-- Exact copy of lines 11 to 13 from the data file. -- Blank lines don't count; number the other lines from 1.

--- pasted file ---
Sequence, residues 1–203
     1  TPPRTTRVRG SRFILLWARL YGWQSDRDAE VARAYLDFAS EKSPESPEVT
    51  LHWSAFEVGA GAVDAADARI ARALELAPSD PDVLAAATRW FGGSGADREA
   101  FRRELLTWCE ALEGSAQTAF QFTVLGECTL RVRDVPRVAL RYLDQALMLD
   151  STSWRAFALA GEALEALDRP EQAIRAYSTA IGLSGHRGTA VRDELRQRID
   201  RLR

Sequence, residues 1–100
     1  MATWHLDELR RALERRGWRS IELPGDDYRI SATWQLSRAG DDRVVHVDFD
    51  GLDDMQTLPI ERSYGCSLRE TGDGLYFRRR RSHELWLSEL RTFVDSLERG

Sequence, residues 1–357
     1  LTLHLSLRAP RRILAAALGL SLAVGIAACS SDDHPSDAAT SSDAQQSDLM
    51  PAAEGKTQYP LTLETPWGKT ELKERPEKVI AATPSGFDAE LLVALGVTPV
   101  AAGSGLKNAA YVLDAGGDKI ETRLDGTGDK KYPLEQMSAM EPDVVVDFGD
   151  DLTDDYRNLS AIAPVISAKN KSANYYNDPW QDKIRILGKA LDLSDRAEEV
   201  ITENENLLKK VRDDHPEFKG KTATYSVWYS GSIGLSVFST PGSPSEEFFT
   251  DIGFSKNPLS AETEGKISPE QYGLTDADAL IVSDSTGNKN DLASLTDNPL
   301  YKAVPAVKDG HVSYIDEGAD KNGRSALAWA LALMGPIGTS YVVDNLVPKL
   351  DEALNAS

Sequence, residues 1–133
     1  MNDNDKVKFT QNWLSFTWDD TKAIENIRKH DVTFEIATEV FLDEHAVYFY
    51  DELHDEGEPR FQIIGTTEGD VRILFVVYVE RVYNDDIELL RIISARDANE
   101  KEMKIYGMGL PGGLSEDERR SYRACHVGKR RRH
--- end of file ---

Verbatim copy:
     1  LTLHLSLRAP RRILAAALGL SLAVGIAACS SDDHPSDAAT SSDAQQSDLM
    51  PAAEGKTQYP LTLETPWGKT ELKERPEKVI AATPSGFDAE LLVALGVTPV
   101  AAGSGLKNAA YVLDAGGDKI ETRLDGTGDK KYPLEQMSAM EPDVVVDFGD